A landmark truce is to take effect in Syria on Saturday, the US and Russia announced, but the “cessation of hostilities” does not include the Islamic State and Al-Nusra Front, the main jihadist factions.
The leading opposition group in the five-year conflict gave its conditional acceptance to today’s announcement, but Israel said it was sceptical the deal would hold, and analysts warned any pause in the fighting would be dependent on Russia, Iran and President Bashar al-Assad.
The announcement came a day after the deadliest jihadist attack in Syria’s brutal civil war, with 134 people — mostly civilians — killed in a series of blasts near Damascus.
In a joint statement, Washington and Moscow said the partial truce would begin at midnight Damascus time, suspending a vicious conflict that has left more than 260,000 people dead and seen half the population displaced.
“If implemented and adhered to, this cessation will not only lead to a decline in violence, but also continue to expand the delivery of urgently needed humanitarian supplies to besieged areas and support a political transition to a government that is responsive to the desires of the Syrian people,” US Secretary of State John Kerry said.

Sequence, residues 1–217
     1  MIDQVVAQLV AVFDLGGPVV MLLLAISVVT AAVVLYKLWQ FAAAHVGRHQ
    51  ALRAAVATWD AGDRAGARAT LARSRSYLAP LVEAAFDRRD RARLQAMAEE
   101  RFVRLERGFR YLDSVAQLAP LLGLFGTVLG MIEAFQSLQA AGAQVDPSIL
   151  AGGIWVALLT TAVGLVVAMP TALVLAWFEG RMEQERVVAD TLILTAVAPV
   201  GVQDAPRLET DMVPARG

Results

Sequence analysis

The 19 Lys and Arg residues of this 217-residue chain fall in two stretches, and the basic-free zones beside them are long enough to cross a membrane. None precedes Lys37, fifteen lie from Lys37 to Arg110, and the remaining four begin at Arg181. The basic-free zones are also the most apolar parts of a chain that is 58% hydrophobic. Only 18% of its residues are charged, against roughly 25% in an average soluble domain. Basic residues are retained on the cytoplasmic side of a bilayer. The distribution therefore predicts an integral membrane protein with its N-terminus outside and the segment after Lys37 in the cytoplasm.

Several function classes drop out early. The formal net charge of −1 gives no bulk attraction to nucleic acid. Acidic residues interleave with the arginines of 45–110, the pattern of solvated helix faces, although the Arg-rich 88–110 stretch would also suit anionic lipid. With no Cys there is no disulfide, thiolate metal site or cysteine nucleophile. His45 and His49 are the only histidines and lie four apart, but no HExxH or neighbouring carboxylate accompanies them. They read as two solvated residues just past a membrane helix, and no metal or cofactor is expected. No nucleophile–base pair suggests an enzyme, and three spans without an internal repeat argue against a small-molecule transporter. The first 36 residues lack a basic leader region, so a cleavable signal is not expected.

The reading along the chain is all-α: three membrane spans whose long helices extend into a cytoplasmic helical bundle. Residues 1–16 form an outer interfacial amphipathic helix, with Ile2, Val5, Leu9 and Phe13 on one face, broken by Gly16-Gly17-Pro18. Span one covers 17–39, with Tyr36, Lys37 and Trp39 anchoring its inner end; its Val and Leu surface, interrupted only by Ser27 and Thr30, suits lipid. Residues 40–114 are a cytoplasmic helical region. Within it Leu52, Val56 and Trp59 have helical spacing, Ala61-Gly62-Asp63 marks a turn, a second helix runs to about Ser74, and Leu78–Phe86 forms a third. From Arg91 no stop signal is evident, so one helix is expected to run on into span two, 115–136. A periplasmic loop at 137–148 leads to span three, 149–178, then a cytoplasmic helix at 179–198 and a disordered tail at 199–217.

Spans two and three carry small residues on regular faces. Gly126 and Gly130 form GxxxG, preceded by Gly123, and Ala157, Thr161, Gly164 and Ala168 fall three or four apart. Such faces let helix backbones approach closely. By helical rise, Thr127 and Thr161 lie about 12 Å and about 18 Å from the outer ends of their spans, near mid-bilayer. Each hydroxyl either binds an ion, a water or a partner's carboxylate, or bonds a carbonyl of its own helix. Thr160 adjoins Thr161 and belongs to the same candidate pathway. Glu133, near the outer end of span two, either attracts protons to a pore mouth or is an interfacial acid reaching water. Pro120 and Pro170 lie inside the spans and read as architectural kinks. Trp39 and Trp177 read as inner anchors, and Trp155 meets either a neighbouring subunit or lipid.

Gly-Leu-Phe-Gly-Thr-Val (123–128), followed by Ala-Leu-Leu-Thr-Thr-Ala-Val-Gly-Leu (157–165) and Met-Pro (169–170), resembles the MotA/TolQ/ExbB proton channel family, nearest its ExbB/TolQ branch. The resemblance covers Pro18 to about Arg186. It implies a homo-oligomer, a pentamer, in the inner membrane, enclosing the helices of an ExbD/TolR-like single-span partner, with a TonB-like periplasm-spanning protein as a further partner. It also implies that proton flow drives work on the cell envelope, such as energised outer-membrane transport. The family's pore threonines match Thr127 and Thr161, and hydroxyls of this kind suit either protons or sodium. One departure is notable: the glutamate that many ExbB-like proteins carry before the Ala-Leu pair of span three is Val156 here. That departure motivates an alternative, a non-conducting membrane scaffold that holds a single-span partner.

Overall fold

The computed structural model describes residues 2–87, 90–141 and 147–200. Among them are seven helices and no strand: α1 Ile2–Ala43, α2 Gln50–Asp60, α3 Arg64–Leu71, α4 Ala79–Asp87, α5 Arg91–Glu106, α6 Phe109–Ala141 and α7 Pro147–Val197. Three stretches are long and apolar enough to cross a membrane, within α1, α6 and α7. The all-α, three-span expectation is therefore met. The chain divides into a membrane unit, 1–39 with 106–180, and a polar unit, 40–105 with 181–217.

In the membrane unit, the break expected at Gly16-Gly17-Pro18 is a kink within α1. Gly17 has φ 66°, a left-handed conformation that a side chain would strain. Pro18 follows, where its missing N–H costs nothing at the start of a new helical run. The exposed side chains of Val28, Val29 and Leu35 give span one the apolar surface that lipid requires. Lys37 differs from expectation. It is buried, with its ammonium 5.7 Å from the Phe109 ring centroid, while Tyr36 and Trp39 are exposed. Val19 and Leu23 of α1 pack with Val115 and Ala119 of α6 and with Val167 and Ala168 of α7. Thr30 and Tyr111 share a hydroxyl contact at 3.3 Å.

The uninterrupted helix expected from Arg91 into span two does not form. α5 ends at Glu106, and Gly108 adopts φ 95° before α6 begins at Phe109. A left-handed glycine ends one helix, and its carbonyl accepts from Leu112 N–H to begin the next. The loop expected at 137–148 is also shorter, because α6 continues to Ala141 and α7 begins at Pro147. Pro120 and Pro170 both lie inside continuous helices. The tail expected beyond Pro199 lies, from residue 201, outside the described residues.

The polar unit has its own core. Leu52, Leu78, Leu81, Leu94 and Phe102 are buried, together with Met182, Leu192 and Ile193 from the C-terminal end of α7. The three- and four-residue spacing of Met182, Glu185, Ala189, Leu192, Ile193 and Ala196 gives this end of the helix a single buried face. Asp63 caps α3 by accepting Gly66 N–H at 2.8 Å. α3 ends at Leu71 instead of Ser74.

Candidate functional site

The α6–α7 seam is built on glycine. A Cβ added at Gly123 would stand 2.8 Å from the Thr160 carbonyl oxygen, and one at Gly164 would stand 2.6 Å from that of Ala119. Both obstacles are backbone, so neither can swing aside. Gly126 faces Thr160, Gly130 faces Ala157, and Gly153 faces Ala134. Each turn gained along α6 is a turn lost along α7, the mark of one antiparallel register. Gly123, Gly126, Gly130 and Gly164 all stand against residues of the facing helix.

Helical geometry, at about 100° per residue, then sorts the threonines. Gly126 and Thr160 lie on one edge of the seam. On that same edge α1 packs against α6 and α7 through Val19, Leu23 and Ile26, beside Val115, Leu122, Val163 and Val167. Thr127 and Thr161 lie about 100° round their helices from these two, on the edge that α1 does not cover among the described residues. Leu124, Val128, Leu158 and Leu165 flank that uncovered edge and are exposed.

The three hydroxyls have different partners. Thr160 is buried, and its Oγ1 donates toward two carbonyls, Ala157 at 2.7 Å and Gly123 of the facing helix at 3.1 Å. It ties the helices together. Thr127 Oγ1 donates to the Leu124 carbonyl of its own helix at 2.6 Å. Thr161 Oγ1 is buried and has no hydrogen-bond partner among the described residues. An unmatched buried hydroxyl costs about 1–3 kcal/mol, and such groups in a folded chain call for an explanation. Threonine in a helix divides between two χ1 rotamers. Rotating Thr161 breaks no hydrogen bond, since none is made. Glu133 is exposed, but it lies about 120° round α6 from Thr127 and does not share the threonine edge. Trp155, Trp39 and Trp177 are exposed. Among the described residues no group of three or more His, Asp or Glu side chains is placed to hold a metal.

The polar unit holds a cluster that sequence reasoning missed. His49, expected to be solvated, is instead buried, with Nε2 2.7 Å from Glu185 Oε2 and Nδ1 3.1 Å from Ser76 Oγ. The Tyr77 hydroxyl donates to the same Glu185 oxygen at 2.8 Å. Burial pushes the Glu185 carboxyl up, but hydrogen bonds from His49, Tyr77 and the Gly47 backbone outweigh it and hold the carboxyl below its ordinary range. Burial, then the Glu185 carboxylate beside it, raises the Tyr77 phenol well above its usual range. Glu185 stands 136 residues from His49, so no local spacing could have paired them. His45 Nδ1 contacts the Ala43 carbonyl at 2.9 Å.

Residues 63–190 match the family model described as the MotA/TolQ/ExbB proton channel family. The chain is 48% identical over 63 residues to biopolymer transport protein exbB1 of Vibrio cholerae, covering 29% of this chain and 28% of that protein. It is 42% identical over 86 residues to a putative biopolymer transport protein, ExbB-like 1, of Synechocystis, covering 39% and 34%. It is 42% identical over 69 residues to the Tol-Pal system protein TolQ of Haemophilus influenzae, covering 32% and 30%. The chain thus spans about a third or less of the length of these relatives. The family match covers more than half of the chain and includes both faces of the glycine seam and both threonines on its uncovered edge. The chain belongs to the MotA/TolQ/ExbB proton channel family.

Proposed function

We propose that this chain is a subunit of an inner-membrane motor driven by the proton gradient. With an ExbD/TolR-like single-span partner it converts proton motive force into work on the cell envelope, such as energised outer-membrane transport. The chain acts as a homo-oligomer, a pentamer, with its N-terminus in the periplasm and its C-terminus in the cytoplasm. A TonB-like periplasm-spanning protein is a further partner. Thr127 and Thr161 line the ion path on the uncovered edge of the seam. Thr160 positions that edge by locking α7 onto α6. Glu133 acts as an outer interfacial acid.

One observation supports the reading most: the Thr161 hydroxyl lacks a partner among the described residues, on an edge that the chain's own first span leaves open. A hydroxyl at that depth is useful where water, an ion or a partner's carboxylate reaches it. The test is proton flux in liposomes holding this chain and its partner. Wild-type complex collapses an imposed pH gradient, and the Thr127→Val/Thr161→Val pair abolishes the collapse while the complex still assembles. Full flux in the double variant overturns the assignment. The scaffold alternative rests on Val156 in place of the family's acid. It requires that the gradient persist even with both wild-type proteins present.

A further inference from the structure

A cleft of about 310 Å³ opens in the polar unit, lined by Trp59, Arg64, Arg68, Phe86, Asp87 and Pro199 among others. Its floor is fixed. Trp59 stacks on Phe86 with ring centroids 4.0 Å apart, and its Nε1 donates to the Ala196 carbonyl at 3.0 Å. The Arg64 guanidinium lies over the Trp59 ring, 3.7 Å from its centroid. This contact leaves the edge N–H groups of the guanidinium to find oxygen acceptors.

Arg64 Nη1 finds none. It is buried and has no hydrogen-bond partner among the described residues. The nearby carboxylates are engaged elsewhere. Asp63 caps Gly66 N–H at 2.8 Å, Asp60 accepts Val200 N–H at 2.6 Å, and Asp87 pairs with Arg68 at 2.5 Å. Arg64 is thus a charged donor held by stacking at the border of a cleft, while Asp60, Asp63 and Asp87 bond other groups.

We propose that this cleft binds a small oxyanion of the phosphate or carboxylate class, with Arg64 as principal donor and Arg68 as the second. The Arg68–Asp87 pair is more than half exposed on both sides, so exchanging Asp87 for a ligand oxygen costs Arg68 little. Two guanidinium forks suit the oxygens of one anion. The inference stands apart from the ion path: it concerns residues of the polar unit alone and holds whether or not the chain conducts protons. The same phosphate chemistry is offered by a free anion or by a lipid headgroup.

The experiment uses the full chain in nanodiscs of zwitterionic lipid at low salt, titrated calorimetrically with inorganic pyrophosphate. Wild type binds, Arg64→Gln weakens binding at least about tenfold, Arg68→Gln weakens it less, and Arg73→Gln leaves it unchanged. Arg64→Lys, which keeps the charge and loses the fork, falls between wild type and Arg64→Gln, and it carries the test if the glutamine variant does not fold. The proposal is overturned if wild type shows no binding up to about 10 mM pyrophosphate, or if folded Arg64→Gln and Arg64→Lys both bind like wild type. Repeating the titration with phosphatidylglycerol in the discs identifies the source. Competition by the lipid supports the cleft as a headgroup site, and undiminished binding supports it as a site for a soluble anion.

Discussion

US President Barack Obama and Russia’s President Vladimir Putin discussed the deal by phone, the White House said.
“This is a moment of opportunity and we are hopeful that all the parties will capitalise on it,” White House press secretary Josh Earnest said.
Putin said Moscow would do “whatever is necessary” to ensure Damascus respects the agreement.
“We are counting on the US to do the same with its allies and the groups that it supports,” he said.
The two global powers are pursuing separate air wars in Syria, with Russia pounding rebel targets and a US-led coalition focused on IS jihadists.
UN Secretary General Ban Ki-moon called the deal a “long-awaited signal of hope”, and urged all sides to abide by it.
There was no immediate reaction from Damascus, but the main grouping of opposition factions said it “agreed to respond positively to international efforts to reach a truce deal”.
Israeli Defence Minister Moshe Yaalon said he was sceptical that the ceasefire would succeed.
“It is difficult for me to see a ceasefire while Daesh (the Islamic State group) and the Al-Nusra Front (the Syrian Al-Qaeda affiliate) are not part of the process and the Russians say they will strike both organisations,” he said in a statement.
The rise of IS, which has seized large parts of Syria and neighbouring Iraq and become the pre-eminent global jihadist group, has focused attention on the need for a solution.
Analysts also had reservations about the deal.